Late 2013 possible overheating

Discussion in 'iMac' started by cynics, May 25, 2014.

  1. cynics, May 25, 2014
    Last edited: May 25, 2014

    cynics macrumors G4

    Joined:
    Jan 8, 2012
    #1
    Over the passed few days I've noticed something strange. If I play Elder Scrolls Online for multiple hours the graphics get significantly worse. The texture rendering is blurry. Stop the game and allow it to cool off and all is fine. No noticeable drop in frame rate. I can always slightly hear the fan but never hear an increase/decrease in it's speed.

    Questions
    Is this a sign of overheating? Any recommendation for a temp monitor, preferably free? Maybe just buggy software (relatively new game)?

    Late 2013 iMac i5 3.4, 775m, HDD, 24gb RAM.

    Thanks
     
  2. cfurlin macrumors regular

    cfurlin

    Joined:
    Jun 14, 2011
    #2
    I don't think it's overheating.

    My Mac doesn't overheat but I get the same blurry textures. It comes on quite slowly and each time I zone, there are more and more of them. Restarting the game fixes the issue.
     
  3. cynics thread starter macrumors G4

    Joined:
    Jan 8, 2012
    #3
    You are absolutely right.

    I played for 4-5 hours and noticed it getting worse and worse. Eventually it crashed, I immediately started it back up (everything still hot) and the game looked and played perfectly again.

    Any suggestions on a temp monitor for a late 2013 iMac?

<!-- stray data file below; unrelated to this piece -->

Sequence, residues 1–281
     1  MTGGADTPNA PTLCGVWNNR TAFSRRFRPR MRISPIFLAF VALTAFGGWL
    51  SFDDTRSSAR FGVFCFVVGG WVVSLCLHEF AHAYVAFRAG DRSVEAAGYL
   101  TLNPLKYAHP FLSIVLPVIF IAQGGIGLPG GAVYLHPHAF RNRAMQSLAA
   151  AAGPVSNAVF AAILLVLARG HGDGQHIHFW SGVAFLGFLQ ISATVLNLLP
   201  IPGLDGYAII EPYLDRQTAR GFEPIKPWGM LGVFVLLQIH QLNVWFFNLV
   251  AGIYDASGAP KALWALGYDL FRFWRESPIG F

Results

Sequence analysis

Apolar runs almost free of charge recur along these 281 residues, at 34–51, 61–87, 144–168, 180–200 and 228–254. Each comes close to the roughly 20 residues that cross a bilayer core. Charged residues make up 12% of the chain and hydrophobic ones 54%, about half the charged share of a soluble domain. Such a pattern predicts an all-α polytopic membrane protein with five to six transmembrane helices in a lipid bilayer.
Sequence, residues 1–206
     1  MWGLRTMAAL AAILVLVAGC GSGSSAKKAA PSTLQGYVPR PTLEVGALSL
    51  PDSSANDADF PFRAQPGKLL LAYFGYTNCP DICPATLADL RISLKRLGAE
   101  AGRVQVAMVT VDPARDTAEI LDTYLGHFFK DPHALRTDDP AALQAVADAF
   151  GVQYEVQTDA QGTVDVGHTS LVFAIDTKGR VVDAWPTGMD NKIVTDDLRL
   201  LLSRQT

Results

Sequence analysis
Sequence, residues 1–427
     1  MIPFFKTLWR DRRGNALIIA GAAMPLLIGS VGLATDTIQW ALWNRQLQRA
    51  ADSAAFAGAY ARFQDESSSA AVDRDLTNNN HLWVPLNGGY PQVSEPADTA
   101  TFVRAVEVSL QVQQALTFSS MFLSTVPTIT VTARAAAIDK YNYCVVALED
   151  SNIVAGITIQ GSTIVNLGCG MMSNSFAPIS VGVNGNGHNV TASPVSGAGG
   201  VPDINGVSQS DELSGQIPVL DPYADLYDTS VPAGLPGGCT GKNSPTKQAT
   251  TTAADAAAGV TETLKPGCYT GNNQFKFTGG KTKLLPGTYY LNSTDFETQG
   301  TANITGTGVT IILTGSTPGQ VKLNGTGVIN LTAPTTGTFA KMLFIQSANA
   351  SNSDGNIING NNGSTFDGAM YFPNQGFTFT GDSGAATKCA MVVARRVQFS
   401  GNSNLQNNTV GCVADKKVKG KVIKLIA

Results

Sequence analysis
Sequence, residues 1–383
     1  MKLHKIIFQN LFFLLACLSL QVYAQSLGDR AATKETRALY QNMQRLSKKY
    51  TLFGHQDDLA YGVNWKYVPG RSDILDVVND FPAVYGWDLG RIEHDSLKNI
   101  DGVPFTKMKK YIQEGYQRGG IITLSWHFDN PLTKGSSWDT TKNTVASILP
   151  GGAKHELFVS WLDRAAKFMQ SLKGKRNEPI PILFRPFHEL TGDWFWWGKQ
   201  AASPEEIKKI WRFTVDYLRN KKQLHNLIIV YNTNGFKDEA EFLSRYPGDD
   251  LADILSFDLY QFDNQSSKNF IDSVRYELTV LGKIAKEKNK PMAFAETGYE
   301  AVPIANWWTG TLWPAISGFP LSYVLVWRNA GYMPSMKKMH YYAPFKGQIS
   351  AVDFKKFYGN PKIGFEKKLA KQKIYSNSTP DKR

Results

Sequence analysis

4. cynics thread starter macrumors G4

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    Jan 8, 2012
    #4
    Not trying to bump my own thread but came up with more info and I wanted to see if its normal, I'm assuming it is.

    Downloaded temp gauge app.

    So CPU averages while gaming around 155-160 degrees F (68-71 C). The GPU Diode 0 gets up to around 199 degrees F (92-93 C). Is that normal?

    The app reported the fan was running at 1300 RPM max. Generally sits around 1190-1205 RPM. I'd think around 200 degrees the fan would ramp up a bit more.

    Again, not experiencing any problems (outside of poor programming of the game) just curious if all is normal.
     
  5. GGJstudios macrumors Westmere

    GGJstudios

    Joined:
    May 16, 2008
    #5
    Your temps are normal, given the workload. If you're not already doing so, use iStat Pro (free) or iStat Menus ($16) to get accurate readings of your temps, fan speeds, etc., rather than relying on your sense of touch or sound. A forum member has posted a copy of iStat Pro that has been "tweaked" to enhance compatibility with Mountain Lion. You can download it here.
    The Intel processors used in Macs are designed to automatically shut down to prevent damage if they truly overheat. CPU Tjmax = 105C (221F), GPU Tjmax = 100C (212F) on i3, i5, i7 processors. (Source: Intel)
    Unless there is a rare defect in a Mac, most temps are well within the normal operating range, considering the workload being put on it. Websites with Flash content, games and other multimedia apps will put higher demand on the CPU/GPU, generating more heat. This is normal. If you're constantly putting high demands on your system, such as gaming or other multimedia tasks, expect temps to rise and fans to spin up accordingly. It's just your Mac doing its job to maintain temps within the normal range.